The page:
• James Joyce

    In A Portrait of The Artist as a Young Man, Joyce describes the early life of Stephen Dedalus: significant memories from infancy, schooldays, family life, his first taste of sin, guilt, repentance - and his passage to freedom as he elects to leave Ireland for ever. This is, in effect, autobiography. Stephen is Joyce; every person he encounters and every incident he experiences, is drawn from life. The writing, though, displays the colour and imagination of the very finest fiction, in language which cries out to be read...read more

  • James Joyce

    James Joyce's tour de force: a work that brought a new vitality to language and revolutionized the narrative structure of the novel. Published in Dublin in 1916, the novel recounts the internal and external events in a young artist's life, and the evolution he takes in his discovery of a vocation. In this largely autobiographical coming-of-age story, James Joyce describes the awakening young mind of a middle-class Irish Catholic boy named Stephen Dedalus. The story follows Stephen's development from his early troubled boyhood through an adolescent crisis of faith- partially inspired by the famous ''hellfire sermon'' preached by Father Arnall and partly by the guilt of his own precocious...read more

  • James Joyce

    This is James Joyce's first novel, the semi-autobiographical story of a young Irish boy who struggles with family, country, and religion to become an artist and a man. (Summary by Peter...read more

  • James Joyce

    A Portrait of the Artist as a Young Man is the first novel of Irish writer James Joyce. A Kunstlerroman in a modernist style, it traces the religious and intellectual awakening of young Stephen Dedalus, a fictional alter ego of Joyce and an allusion to Daedalus, the consummate craftsman of Greek mythology. Stephen questions and rebels against the Catholic and Irish conventions under which he has grown, culminating in his self-exile from Ireland to Europe. The work uses techniques that Joyce developed more fully in Ulysses (1922) and Finnegans Wake...read more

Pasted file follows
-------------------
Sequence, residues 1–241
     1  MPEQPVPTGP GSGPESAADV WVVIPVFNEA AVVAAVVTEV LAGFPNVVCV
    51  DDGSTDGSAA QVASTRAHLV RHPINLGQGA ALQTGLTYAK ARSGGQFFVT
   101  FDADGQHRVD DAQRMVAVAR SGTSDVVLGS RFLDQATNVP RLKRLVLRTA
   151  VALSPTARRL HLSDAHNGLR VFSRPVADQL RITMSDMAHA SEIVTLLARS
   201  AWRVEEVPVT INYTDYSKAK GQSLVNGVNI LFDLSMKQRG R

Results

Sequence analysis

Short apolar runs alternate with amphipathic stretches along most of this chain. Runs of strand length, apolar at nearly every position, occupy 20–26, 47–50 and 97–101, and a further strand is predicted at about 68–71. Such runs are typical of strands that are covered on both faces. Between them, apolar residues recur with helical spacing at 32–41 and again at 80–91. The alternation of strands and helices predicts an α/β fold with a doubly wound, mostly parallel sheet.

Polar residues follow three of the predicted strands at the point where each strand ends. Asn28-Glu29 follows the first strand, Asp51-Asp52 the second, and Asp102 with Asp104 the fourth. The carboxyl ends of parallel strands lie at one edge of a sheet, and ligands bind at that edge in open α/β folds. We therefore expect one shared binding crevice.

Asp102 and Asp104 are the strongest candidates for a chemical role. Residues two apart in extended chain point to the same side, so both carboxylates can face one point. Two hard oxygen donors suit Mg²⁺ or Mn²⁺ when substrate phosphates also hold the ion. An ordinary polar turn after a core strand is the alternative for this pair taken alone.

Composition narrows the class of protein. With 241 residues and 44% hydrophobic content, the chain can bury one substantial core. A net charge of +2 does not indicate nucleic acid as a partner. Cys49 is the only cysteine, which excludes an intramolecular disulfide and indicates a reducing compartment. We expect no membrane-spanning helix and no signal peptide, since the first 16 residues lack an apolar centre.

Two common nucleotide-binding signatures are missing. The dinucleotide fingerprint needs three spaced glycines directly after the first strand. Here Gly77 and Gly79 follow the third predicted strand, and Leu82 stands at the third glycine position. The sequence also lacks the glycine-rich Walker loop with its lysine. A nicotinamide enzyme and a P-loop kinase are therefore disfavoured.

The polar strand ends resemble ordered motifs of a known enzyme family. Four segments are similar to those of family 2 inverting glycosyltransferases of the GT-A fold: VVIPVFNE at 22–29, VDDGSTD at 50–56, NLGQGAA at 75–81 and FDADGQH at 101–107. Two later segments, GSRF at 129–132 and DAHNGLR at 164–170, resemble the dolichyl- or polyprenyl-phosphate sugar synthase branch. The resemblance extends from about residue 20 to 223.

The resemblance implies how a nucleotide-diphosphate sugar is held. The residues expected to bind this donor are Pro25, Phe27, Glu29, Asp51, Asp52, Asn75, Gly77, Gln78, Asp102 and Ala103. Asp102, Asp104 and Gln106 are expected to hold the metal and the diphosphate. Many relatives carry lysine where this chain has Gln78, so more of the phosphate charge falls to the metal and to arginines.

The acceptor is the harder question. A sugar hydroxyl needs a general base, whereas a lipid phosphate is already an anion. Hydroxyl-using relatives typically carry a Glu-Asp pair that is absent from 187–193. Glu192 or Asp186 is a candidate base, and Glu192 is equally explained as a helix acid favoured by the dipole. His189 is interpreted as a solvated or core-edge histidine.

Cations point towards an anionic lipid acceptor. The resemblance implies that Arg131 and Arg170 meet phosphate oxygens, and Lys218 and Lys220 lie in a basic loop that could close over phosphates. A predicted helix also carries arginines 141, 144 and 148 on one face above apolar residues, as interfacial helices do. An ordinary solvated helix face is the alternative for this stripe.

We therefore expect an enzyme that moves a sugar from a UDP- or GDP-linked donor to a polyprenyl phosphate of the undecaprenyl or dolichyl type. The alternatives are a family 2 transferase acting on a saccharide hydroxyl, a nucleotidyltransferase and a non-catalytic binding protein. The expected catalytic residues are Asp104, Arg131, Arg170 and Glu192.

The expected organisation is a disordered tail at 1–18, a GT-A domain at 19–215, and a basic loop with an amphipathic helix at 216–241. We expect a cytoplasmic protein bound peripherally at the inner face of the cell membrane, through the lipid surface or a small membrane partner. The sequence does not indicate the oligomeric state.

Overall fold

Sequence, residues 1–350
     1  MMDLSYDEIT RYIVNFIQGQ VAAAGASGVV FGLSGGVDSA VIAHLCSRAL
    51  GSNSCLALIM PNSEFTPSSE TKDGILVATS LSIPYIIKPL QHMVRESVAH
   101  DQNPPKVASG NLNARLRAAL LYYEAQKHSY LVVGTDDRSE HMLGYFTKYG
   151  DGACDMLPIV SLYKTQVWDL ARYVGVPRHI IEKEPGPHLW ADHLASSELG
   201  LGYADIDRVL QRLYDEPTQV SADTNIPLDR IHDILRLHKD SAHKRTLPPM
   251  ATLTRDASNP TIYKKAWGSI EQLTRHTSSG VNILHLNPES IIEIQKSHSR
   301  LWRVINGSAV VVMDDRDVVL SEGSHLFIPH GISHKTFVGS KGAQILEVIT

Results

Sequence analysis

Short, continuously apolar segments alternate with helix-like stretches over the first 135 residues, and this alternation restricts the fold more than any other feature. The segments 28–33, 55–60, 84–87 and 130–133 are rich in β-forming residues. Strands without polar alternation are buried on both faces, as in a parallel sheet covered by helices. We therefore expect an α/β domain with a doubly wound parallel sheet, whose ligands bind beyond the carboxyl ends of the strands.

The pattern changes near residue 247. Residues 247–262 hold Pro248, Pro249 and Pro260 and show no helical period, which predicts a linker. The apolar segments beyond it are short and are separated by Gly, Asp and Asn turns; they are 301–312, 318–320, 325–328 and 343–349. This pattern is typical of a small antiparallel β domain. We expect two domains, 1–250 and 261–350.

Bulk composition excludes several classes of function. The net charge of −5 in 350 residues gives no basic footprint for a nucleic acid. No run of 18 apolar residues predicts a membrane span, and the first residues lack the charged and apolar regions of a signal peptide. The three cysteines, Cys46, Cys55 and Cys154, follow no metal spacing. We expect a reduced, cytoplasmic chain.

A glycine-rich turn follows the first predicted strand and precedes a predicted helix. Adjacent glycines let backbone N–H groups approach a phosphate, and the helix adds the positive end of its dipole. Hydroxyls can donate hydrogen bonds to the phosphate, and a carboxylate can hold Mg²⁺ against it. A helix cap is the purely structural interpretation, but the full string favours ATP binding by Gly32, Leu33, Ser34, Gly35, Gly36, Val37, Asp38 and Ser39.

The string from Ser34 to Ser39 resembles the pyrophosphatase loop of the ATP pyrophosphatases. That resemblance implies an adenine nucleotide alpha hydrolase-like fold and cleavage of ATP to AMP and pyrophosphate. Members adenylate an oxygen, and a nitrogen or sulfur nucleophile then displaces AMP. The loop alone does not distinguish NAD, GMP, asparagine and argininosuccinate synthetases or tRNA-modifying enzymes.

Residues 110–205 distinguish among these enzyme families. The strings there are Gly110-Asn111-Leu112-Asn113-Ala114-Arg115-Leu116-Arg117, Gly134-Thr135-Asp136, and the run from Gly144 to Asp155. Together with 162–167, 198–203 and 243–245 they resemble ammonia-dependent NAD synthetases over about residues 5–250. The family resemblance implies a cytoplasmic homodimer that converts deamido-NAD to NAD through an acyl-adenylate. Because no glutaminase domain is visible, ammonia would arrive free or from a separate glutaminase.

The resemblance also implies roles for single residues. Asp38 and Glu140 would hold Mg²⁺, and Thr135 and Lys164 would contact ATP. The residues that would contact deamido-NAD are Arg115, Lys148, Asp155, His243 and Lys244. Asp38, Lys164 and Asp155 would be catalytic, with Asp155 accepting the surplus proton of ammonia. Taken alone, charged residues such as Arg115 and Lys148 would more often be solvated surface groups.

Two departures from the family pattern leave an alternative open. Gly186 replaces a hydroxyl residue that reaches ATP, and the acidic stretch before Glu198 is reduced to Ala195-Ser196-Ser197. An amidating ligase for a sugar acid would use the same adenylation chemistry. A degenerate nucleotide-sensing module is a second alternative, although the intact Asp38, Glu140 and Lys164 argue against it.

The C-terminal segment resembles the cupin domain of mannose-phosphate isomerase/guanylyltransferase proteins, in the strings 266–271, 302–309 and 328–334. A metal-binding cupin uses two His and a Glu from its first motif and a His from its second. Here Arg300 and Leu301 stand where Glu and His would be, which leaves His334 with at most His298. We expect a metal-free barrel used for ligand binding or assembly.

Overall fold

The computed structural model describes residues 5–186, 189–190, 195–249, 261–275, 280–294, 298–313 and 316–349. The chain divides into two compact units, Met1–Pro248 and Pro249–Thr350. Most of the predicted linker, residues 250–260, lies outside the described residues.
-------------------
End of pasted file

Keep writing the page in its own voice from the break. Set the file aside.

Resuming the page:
• James Joyce

    A Portrait of the Artist as a Young Man is Joyce's semi-autobiographical first novel. It traces the early life of Stephen Dedalus and his inner struggle with the oppression of Irish society and the Catholic church, ending with his awakening as a poet and writer and self-imposed exile from...read more

  • James Joyce

    The first novel by James Joyce, this semi-autobiographical narrative depicts the life of Stephen Dedalus, a character created as an allusion to Daedalus, a craftsman in Greek mythology. Beginning by depicting the early stages of Stephen's life, the language of the novel grows with the main character as he awakens sexually and rebels against religion. When he realizes that Ireland is restricting him, he commits to a self-imposed exile and travels elsewhere to grow as an artist-but not before declaring Ireland his...read more

  • James Joyce

    'A Portrait of the Artist as a Young Man' is the first novel of Irish writer James Joyce. A Künstlerroman in a modernist style, it traces the intellectual and religious philosophical awakening of young Stephen Dedalus, a fictional alter ego of Joyce and an allusion to Daedalus, the consummate craftsman of Greek mythology. Stephen questions and rebels against the Catholic and Irish conventions under which he has grown, culminating in his self-exile from Ireland to Europe. The work uses techniques that Joyce developed more fully in 'Ulysses' and 'Finnegans...read more

  • James Joyce